It’s a big day at HESA, as it’s release day for our final report on the Consultation on the Expansion of Degree-granting in Saskatchewan that we’ve been working on for a few months (available here). I can’t tell you what it says before it comes out – but I would like to talk about one of the key themes of the report: trust.
If you issue degrees, people need to be able to trust that the degree means something. In particular, students need to know that a degree from a given institution will be seen as a mark of quality by employers; otherwise, the degree is worthless. Worldwide, the function of quality assurance agencies – third-parties giving seals of approval either to individual programs or to institutions generally (either by looking directly at quality or by looking at an institution’s internal quality control mechanisms) – is to assure the public that degrees are trustworthy.
To an extent, the grumblers have a point. Trust is usually earned through relationships. People in, say, Fredericton, trust UNB not because some agency tells them to trust it but because it’s been granting degrees for going on 200 years now; they’ve seen the graduates and can gauge the quality for themselves. This is true across most universities in Canada; they’re old, solid and hardly fly-by-night and people know who they are. And there tend not to be more than four in any given urban area, so pretty much everyone knows someone who went to school “X” and can thus gauge an institution’s quality directly.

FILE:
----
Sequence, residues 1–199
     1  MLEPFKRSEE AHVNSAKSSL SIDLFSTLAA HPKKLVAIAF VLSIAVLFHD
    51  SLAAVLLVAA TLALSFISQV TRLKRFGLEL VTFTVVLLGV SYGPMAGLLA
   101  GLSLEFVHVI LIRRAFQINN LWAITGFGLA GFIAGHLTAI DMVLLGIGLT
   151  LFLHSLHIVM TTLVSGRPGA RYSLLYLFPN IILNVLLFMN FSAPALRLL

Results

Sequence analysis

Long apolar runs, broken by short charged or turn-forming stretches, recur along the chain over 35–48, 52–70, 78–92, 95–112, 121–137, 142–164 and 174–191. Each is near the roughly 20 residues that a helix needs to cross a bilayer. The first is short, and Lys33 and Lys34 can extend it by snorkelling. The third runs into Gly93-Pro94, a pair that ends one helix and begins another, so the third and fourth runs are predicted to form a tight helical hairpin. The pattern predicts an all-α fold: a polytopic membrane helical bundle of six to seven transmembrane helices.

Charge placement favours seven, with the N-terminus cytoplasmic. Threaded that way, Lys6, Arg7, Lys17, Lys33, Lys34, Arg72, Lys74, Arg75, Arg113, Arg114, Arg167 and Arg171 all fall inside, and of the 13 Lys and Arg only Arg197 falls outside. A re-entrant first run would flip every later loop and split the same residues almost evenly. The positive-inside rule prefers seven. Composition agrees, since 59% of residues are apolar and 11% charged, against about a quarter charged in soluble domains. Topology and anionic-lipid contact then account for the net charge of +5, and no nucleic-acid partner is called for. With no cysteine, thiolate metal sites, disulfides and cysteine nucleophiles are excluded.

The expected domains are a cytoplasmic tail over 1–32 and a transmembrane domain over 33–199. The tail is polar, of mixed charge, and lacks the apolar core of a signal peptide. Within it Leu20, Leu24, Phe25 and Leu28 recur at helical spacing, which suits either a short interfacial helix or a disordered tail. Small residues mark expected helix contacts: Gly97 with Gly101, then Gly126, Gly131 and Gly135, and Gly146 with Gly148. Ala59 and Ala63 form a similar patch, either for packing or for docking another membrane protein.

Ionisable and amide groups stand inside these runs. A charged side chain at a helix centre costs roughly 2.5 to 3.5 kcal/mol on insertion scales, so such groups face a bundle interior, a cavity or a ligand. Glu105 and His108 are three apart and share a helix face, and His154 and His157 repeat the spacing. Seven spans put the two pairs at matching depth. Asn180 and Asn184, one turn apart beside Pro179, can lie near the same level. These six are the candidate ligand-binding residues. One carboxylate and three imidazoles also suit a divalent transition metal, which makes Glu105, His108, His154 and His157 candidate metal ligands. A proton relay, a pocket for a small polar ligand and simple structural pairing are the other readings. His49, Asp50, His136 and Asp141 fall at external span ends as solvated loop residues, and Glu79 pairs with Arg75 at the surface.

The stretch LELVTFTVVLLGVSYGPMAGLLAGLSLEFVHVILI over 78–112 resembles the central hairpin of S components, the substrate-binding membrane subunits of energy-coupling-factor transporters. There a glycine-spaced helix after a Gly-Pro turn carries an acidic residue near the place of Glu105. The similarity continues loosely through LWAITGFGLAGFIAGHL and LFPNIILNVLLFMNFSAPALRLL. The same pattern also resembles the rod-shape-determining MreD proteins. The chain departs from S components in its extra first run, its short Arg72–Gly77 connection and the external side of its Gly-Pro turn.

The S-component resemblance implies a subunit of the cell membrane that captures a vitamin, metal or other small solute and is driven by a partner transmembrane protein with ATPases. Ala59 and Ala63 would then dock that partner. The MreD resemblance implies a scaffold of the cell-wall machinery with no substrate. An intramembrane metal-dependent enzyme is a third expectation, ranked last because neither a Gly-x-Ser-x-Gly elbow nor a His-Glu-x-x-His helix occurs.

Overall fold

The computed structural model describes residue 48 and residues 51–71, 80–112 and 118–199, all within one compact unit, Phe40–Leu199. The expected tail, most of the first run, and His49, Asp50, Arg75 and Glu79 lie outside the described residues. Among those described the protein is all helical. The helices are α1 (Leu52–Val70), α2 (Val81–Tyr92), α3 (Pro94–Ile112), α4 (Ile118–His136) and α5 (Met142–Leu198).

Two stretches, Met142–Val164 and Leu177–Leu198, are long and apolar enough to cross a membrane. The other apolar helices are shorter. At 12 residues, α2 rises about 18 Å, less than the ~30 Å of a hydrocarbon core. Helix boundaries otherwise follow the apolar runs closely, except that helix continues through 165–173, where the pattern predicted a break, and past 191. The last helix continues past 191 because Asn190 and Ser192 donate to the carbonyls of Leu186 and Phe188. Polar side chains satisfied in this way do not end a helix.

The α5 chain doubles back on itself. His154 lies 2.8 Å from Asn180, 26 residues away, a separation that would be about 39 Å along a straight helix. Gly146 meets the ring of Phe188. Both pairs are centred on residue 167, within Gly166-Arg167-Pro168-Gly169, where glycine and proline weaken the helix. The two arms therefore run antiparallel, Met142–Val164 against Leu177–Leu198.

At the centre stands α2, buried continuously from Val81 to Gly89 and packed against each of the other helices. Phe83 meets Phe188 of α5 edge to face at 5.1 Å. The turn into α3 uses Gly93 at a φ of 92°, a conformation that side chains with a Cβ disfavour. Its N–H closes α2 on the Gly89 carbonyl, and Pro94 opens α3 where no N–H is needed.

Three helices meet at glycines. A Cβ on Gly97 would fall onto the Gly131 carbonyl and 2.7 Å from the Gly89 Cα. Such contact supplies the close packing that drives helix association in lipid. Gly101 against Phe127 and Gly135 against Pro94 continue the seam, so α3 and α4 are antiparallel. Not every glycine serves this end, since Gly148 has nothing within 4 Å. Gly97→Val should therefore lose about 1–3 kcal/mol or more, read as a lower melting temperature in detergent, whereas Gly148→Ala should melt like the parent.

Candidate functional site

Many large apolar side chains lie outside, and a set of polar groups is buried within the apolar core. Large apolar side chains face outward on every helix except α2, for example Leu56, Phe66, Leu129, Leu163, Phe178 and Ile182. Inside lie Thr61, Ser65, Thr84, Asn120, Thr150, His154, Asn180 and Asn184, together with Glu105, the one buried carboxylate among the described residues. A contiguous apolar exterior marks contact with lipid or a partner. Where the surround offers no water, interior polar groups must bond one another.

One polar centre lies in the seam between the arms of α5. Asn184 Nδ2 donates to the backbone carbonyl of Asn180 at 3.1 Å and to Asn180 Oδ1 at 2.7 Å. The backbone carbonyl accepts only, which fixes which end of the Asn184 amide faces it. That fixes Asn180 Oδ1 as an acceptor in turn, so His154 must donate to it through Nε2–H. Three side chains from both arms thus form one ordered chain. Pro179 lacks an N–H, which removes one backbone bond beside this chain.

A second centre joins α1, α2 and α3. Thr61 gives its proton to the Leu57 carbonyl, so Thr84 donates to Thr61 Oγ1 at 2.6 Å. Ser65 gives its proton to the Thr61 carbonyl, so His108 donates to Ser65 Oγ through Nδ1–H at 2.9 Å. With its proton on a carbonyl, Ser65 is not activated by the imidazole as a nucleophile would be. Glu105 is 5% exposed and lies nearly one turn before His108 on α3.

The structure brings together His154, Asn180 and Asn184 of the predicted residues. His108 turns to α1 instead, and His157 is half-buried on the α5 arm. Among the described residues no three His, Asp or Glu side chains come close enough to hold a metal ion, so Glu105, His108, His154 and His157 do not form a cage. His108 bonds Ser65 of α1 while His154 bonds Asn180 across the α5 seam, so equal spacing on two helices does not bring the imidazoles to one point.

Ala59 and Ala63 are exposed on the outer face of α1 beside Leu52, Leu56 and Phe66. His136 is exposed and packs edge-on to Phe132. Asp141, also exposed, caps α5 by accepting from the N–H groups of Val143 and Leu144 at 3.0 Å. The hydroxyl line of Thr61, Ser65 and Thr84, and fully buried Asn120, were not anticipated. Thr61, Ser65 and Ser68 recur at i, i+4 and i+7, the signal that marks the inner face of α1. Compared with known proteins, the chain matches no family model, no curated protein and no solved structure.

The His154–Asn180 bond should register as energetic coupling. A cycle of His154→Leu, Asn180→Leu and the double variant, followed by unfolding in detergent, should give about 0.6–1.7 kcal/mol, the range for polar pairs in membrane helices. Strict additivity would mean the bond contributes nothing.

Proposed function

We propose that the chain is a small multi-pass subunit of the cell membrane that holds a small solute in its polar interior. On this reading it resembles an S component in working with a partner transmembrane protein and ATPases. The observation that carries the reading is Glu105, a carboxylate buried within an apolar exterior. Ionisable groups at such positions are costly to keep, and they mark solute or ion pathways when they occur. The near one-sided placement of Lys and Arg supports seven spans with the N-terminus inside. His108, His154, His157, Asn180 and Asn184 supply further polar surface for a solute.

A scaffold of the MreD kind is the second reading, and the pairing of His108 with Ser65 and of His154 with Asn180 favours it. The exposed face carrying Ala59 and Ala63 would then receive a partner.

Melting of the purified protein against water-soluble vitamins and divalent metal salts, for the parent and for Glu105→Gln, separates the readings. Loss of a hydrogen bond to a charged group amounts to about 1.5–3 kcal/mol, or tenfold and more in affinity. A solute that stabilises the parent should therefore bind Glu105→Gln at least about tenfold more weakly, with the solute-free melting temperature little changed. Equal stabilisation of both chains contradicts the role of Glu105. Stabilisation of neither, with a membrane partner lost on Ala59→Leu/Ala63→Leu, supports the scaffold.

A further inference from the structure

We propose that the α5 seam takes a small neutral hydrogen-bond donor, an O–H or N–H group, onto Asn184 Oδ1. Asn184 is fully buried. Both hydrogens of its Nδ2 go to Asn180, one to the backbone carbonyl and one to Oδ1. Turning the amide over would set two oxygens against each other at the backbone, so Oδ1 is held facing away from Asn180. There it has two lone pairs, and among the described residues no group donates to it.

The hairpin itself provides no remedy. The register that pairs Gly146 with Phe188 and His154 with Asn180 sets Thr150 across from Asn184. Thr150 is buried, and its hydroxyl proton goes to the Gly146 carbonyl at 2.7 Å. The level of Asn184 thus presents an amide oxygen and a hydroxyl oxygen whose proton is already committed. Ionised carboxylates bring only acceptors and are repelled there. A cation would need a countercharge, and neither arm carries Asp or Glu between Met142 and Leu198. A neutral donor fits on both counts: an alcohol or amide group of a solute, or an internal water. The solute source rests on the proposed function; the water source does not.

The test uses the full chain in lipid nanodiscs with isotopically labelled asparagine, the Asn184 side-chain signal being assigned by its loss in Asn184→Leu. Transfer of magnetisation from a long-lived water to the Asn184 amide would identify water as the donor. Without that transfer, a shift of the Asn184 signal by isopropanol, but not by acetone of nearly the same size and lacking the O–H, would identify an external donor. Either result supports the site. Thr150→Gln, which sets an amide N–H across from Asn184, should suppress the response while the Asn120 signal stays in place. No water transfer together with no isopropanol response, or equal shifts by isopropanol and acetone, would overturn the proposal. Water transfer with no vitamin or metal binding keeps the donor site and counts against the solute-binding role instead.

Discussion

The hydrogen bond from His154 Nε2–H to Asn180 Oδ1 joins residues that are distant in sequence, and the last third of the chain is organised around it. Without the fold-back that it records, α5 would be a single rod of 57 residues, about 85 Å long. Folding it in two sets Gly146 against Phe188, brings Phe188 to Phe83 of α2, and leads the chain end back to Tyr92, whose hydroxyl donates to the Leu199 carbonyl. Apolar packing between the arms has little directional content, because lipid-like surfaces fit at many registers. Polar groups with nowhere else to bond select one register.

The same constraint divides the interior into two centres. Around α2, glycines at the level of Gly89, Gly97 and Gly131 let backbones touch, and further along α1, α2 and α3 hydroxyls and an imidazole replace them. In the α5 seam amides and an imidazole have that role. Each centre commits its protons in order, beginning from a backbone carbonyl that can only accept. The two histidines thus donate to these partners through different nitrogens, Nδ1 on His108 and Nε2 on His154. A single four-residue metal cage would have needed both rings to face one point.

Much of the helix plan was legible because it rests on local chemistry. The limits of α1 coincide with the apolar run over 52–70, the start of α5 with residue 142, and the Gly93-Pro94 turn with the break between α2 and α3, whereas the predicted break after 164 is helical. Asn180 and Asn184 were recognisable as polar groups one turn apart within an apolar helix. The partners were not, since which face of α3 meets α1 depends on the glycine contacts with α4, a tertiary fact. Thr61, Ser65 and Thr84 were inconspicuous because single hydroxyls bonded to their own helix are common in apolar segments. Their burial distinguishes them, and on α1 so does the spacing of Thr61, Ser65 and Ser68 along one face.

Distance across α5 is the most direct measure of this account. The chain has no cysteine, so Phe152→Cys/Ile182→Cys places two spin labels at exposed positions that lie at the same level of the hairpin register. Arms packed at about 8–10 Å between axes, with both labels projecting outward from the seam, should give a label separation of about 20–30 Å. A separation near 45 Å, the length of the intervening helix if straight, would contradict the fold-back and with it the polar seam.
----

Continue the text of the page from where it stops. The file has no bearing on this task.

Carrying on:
But what happens when you let new players, like private universities or community colleges, into the degree-granting game? What happens when universities start having to look abroad for students? How can employers in Canada trust new players? How can employers in Turkey or Vietnam trust any Canadian university they’ve never heard of?
Canada was able to get away without quality assurance for so long mainly because our system of giving a relatively small number of large public universities a monopoly over degree-granting was well-suited to engendering trust – especially when 90% of their students were local. But open up degree-provision, or widen the scope of your student base, and suddenly trust isn’t automatic anymore. You need a third-party to give a seal of approval to replace the trust that used to come naturally.
Quality assurance isn’t anyone’s idea of fun. But it isn’t the frivolous, makework bureaucracy the grumblers criticize, either. Rather, it’s a rational response to changing patterns in the provision and consumption of higher education.